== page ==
Obanikoro moved N1.2bn to Ekiti for Fayose in three aircraft – Witness

The trial of the immediate-past Ekiti State Governor Ayodele Fayose for alleged theft and money  laundering opened on Monday with a prosecution witness narrating to the court how a former Minister of State for Defence, Musiliu Obanikoro, helped the ex-governor to move N1.2bn cash from Lagos to Ekiti by loading the cash in three aircraft.

Fayose and a firm, Spotless Nigeria Limited, are being tried by the Economic and Financial Crimes Commission before the Federal High Court in Lagos for an alleged N2.2bn fraud.

The anti-graft agency claimed that Fayose used the money for his governorship election in Ekiti State in 2014, adding that he ought to have reasonably known that the funds were proceeds of unlawful activities.

The two defendants were arraigned on October 22, 2018 before Justice Mojisola Olatoregun on 11 counts bordering on criminal breach of trust, theft and money laundering.

They, however, pleaded not guilty.

In a bid to prove the allegations, the EFCC opened its case on Monday, calling four witnesses – all bankers.

The 4th prosecution witness, Mr Damola Otuyena, who identified himself as the Head, Cash and Transit Services, Diamond Bank, narrated to the court how he delivered N1.2bn cash in a bullion van to Obanikoro and his son, Gbolahan, on June 16, 2014 at the private wing of the Murtala Muhammed International Airport and how the ex-minister loaded the money into about two or three aircraft for onward movement to Ekiti State.

Otuyena said the transaction began when he received instructions from his director, one Premier Oyewo, who said the bank needed to pay N1.2bn cash to some beneficiaries on behalf of a firm, Sylvan McManara, and that he (Otuyena) needed to get the cash ready.

He said the transaction instructions were accompanied with a list of six beneficiaries and how much each should be paid.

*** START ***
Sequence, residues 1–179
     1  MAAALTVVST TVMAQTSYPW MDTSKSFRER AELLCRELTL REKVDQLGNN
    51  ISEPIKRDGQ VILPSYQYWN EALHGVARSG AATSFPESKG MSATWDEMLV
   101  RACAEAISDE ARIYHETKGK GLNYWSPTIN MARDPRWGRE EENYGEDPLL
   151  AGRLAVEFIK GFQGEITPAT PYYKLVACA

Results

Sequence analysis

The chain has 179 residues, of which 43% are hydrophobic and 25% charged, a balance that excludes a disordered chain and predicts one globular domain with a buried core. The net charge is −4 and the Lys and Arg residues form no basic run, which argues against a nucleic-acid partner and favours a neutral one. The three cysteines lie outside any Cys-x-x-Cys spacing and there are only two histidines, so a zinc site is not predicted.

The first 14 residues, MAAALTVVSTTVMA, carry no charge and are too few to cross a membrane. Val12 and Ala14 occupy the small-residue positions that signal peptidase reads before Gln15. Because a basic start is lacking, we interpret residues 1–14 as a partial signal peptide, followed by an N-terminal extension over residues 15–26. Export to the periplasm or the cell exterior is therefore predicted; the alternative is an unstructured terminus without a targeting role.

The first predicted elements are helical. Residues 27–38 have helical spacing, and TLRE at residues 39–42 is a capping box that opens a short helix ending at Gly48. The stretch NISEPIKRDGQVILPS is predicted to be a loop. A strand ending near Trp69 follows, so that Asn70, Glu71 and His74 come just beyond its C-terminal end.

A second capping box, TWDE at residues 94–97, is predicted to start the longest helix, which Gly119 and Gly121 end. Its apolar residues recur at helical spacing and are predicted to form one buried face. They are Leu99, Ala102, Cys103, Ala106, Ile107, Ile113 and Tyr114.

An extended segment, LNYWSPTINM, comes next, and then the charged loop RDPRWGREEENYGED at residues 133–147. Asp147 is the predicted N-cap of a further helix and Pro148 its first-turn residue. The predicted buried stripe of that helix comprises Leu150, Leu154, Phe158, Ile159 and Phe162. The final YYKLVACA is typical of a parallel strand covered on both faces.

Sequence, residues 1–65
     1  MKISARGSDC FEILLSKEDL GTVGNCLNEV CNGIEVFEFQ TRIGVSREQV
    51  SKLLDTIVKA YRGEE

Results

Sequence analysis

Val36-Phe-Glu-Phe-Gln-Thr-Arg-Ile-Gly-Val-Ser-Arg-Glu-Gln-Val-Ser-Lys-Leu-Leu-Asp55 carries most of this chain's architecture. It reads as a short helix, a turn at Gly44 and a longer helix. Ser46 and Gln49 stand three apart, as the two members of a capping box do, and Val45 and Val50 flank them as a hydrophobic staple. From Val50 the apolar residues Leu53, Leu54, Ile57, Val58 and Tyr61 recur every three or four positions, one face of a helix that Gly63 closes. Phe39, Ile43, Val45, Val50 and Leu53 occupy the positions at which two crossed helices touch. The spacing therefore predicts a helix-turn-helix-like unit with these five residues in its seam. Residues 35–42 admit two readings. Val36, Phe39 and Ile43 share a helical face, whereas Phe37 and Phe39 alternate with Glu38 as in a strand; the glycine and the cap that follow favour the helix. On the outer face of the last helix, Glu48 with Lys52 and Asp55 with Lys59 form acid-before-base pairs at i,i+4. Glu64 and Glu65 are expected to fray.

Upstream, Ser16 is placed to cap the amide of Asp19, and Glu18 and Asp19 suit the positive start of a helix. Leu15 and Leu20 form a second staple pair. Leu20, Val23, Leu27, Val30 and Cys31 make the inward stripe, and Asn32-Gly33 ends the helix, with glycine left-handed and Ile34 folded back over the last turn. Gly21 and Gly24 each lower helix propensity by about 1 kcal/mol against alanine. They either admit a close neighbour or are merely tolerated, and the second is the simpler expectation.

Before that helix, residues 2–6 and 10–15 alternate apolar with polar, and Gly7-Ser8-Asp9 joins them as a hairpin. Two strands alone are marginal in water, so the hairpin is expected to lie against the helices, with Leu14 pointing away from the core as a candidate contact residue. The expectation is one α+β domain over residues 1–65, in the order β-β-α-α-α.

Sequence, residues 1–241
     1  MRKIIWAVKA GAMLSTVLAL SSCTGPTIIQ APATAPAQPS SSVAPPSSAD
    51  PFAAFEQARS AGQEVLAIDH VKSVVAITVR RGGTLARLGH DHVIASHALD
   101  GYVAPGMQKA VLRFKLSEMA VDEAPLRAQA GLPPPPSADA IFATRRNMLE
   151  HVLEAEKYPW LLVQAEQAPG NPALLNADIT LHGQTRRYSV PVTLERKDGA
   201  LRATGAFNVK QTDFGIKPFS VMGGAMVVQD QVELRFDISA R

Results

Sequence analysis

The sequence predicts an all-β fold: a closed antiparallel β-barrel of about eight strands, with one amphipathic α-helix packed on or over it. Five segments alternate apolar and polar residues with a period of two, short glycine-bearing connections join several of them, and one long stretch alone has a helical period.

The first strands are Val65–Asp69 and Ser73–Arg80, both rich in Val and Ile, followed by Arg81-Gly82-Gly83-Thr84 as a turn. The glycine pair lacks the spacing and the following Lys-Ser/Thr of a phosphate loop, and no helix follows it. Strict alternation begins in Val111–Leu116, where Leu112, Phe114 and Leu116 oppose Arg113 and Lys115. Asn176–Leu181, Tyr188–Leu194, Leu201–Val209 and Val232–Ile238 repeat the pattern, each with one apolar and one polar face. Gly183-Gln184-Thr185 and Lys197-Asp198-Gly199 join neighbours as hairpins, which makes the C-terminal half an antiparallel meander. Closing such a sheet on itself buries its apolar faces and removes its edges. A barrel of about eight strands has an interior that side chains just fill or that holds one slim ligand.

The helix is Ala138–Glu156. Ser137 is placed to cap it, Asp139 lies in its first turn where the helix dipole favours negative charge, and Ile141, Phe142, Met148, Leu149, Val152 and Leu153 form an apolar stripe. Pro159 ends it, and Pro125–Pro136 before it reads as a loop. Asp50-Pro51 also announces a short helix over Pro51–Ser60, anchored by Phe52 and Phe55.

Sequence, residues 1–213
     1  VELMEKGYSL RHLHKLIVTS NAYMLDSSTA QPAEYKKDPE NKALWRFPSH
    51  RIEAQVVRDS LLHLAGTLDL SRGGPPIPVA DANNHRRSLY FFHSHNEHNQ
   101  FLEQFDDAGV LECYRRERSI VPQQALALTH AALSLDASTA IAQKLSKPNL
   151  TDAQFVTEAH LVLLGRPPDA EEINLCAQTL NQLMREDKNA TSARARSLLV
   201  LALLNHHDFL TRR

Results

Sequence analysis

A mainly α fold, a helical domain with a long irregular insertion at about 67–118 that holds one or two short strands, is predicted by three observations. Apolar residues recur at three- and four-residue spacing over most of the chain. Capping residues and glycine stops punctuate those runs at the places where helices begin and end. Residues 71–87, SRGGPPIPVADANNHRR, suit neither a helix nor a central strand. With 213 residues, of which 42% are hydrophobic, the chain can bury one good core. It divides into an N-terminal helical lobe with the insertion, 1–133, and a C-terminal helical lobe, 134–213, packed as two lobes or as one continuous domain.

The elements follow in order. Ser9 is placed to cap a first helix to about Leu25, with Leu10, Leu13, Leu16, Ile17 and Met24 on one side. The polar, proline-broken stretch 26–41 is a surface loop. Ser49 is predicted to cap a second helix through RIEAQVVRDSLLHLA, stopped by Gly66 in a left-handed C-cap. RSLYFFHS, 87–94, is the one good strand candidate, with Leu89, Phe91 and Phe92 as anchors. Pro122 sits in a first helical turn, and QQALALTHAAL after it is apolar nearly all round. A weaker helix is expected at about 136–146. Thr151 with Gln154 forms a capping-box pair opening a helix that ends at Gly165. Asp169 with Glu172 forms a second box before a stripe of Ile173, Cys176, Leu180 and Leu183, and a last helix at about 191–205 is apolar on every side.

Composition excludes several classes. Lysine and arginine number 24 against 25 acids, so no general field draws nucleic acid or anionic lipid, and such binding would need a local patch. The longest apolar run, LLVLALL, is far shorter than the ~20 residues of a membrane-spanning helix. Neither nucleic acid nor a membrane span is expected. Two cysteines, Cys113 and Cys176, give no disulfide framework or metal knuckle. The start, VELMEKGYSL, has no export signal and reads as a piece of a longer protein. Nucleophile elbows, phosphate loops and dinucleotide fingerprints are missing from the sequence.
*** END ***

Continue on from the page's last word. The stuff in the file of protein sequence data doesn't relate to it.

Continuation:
He added that the document bearing the instructions was signed by the signatory to the account of Sylvan McManara, who did not write his name and gave instructions that the bank should pay the beneficiaries without demanding their means of identification as he (the unnamed signatory) had waived the beneficiaries’ identifications.

According to Otuyena, the beneficiaries and the amount of money  they were to receive were listed as Santuraki Bello, N200m; Yusuf Olama, N120m; Chimenu Njokwu N250m; Josiah Moses N280m; Abubakar  Zana, N200m; and Franklin Tolani N150m.

The banker, however, said he waited for the beneficiaries but they did not turn up, and when he informed his director, he was told to proceed to the airport with the money and wait for further instructions.

The witness said,  “We then contacted the company that renders the bullion van services to help us move the cash to the airport and it was moved to the private wing of the Murtala Muhammed International Airport but when we got there, we could not gain access.

“We waited outside. I called my director, he said we should wait, that someone would come to attend to us.

“Soon, he called to say someone was there to give us access. He spoke to a certain Gbolahan Obanikoro by my phone and told me that that was the person that would help us enter the airport. He did and we were able to move the bullion van into the airport.

“After sometime, a person I later identified as Senator Musiliu Obanikoro came and my boss called me and spoke to Obanikoro using  my phone and said he was the one to receive the cash and the cash was handed over to him.”

“At the point of handover, they told us not to remove all the cash from the bullion van because they needed to load the cash into aircraft. Two or three aircraft were used to  move the cash. When the  cash was moved, we left the airport.”

Under cross-examination, by the second defence counsel, Mr Olalekan Ojo (SAN), Otuyena admitted that by virtue of a 2013 McManara board resolution, which was forwarded to Diamond Bank, one Mr Olalekan Ogunseye, was the sole signatory to the firm’s account.

He also admitted that Obanikoro was neither listed as a director nor a shareholder in the firm’s board resolution.

Otuyena, however, insisted that based on the instructions  by his director, Obanikoro was the operator of McManara bank account.

He also pointed to  a document, showing how Gbolahan Obanikoro requested a Diamond Bank electronic product.

“For his (Gbolahan’s) signature, address and phone number to be on the document, he must be a signatory to McManara’s account,” Otuyena told the court.

He also disagreed with Ojo that there was nothing to show that Obanikoro received N1.2bn from Diamond Bank.

“I do not agree because Exhibit E is purportedly written by the account holder and it is clearly stated that Musiliu Obanikoro is the signatory,” he said.



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